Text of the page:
Discussing with the winner Nigel Short his last round decisive game.
Quality Chess on the Isle of Man
A couple of days ago I returned from the revived Isle of Man tournament. It was a strong, well organized and highly enjoyable event, part of the Poker Stars festival held in the beautiful Villa Marina in Douglas, the capital of the island. The winner was Englishman GM Nigel Short on 7.5/9. All results, reports, games and photos may be seen here:
A large young official Israeli delegation took part with considerable success. GM Gil Popilski shared second; Ori Kobo and Alon Mindlin scored an IM norm. Personally I scored 50 percent, more or less my expected result in such a field. I published daily reports (in Hebrew) on the Israeli chess federation’s official website: www.chess.org.il
I dedicated an original study to all participants from whom quite a few sent in correct solutions. Here it is:
Yochanan Afek original Dedicated to the Isle of Man tournament, 2014
White to play and win
1.Nf6! g3 2.Nxh7 g2 3.Ng5 Kh2 4.Nf3+ Kg3 5.Ng1 Kh2 6.h7! Kxg1 7.h8Q Kh1 8.Qa8! Kh2 9.Qb8+ Kh1 10.Qb7+ Kh2 11.Qc7+ Kh1 12.Qc6 Kh2 13.Qd6+ Kh1 14.Qd5 Kh2 15.Qe5+ Kh1 16.Qe4 Kh2 17.Qf4+ Kh1 18.Qf3 Kh2 19.Qf2! Kh1 20.Kxd2 g1Q 21.Qxg1 Kxg1 22.Ke3 Kg2 23.Kf4 Kh3 24.Kg5 Kg3 25.Kxh5 Kf4 26.Kg6 Kg4 27.h5 1-0
Posted: October 21 - 2014
New Tourney success
Two of my studies were recently awarded in International composing tourneys. A reciprocal zugzwang is displayed in the prizewinner from the Ukrainian magazine:
Yochanan Afek Problemist in Ukraine, 2012, Second Prize
White to play and win
1. g6! Nb4! [1...Nc5+ 2.Ka7 Bxc6 3.g7 Kf7 4.Ne5+ Kg8 5.Nxc6+-] 2.g7 Kf7 3.Ne5+ Kg8 4.Kc7!! [4.Kb6? Bxc6 5.Nxc6! Nd5+ 6.Kc5 Nf6 7.Nxe7+ Kf7=] 4...Bxc6 5.Nxc6 Nd5+ 6.Kc8!! [Thematic try: 6.Kd8? Nf6 7.Nxe7+ Kf7 white is in ZZ] 6...Nf6 [6...e5 7.Kd7 e4 (7...Nf6+ 8.Nxf6+ Kxg7 9.Ne4+- Troitzky position) 8.Ne7+ Nxe7 9.Kxe7 e3 10.Kf6 e2 11.Kg6 e1Q 12.Nf6#] 7.Nxe7+ Kf7 8.Kd8! Black is in ZZ 1–0
My best pupil David Klein with my (and his) youngest pupil, rising Dutch talent Maarten Hoeneveld (11) celebrating in Naujac sur mer.
David Klein is finally a grandmaster!
The young Dutch player David Klein (20) is my good friend and my best pupil. He is currently also a diligent student for chemistry in the University of Leiden. His hard chess work for more than a decade was rewarded in the summer of last year when he scored in the BDO grandmaster tournament in the Dutch city of Haarlem his final norm for the supreme title. He just still needed a handful of Elo-points to cross the required 2500 barrier. That happily happened earlier this month when he won in Naujac sur mer (France) the traditional summer camp tournament, thus obtaining the final two points that still had separated between him and his desired goal.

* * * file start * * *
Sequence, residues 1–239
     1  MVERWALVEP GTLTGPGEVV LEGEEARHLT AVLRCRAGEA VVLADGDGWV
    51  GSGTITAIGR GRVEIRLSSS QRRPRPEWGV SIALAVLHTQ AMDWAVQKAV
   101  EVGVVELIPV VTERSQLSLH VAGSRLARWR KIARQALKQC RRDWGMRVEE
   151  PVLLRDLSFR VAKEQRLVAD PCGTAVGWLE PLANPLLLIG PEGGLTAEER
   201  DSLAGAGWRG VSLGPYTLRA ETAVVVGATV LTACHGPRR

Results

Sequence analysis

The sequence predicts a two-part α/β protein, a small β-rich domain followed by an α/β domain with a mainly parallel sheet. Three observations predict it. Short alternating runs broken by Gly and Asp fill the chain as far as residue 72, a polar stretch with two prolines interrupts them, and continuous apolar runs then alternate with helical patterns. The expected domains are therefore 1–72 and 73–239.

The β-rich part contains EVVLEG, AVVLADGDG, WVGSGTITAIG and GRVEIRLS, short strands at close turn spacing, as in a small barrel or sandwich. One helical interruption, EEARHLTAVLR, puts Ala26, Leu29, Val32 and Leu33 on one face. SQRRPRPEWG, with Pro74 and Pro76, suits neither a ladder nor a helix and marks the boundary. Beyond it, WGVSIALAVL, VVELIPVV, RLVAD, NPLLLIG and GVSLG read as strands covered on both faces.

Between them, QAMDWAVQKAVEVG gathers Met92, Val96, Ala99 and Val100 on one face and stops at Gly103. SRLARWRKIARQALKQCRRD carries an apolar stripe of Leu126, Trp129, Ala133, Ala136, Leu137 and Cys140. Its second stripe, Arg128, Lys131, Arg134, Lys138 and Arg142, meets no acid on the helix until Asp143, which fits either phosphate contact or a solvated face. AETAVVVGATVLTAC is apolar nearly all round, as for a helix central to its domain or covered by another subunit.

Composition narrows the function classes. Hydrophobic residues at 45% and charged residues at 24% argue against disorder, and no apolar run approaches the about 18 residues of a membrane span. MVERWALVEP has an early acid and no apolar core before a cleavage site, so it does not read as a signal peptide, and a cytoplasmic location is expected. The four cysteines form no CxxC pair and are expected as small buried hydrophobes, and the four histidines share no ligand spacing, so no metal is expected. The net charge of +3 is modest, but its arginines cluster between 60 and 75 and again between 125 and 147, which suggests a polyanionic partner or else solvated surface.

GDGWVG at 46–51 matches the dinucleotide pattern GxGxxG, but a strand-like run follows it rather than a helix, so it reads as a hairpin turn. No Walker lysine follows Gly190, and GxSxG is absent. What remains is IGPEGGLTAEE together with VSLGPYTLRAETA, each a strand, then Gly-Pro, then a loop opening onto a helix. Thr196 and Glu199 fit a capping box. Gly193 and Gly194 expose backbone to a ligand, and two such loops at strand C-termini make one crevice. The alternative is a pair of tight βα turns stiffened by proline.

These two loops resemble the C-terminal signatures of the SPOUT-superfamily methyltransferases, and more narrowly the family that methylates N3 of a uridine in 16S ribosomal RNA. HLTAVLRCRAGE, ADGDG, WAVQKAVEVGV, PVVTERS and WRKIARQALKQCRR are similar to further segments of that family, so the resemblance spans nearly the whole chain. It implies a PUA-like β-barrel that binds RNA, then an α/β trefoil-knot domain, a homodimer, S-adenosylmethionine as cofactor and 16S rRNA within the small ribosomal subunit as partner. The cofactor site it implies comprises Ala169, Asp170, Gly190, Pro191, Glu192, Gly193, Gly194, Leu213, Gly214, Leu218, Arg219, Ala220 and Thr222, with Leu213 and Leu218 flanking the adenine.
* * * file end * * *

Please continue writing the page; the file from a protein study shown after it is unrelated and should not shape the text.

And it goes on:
David’s strong qualities are his fine positional understanding, his outstanding creativity and sharp eye for tactics and his uncompromising fighting spirit. He is naturally a great fan of the art of the endgame studies that has equipped him with a whole arsenal of out-of-the-box devices. Just two years ago he stunned the chess community by winning the third Tata Steel study solving contest (his own first competitive solving attempt), ahead of such world-class solvers such as Englishman John Nunn and Polish Piotr Murdzia.
David kindly sent us a couple of his games that turned instrumental on his way to the grandmaster title:
Recent study awards
The 18th edition of the open tournament by the sea in Vlissingen was an enjoyable one though my own chess was nothing to write home about. I performed precisely as expected from my modest rating and gained zero Elo points. The good news is that I neither lost any…
Here are the final standings: www.hztoernooi.nl/SMWSite/index.html
Two of my studies were awarded with distinctions in recent tourneys. I regularly take part in the annual Israeli Ring Tourney where I made my first composing steps (both of studies and problems) as early as at the age of 15. My patient mentors in chess composition in those years were twin composers Yoel & Hillel Aloni who both patiently showed me (and quite a few other young Israeli composers at the time) the way in the minefields of chess composition. Yoel did it for mate problems and Hillel for endgame studies. They still live in the city of Netanya and will be both 77 at the end of next month. I still keep in touch with them and wish them many happy returns in good health.
Here is my study from the Israel Ring Tourney 2012-2013:
Young FM Stefan Beukema who solved the study flawlessly won my co-authored best seller Invisible Chess Moves.
Photo courtesy AB Scheel http://www.abscheel.nl/ONK2014/
For quite a while I haven’t been too active here mainly since I had nothing especially cheerful to tell and as for the less funny stories you may provide enough of your own I believe.
At least for this lovely summer I hope to be more at your service from now on. Here are a few recent episodes in my hopefully reviving chess life.
The International Dutch open championship that ended yesterday in the traditionally hosting town of Dieren was once again a well organized enjoyable event with many talented young players in all its four categories and the various accompanying events. The tournament reports, photos and results may be all found on the tournament’s official website.
Here are the final standings of the top open section in which I took part: http://onk.schaakbond.nl/toernooien/2014/open-nk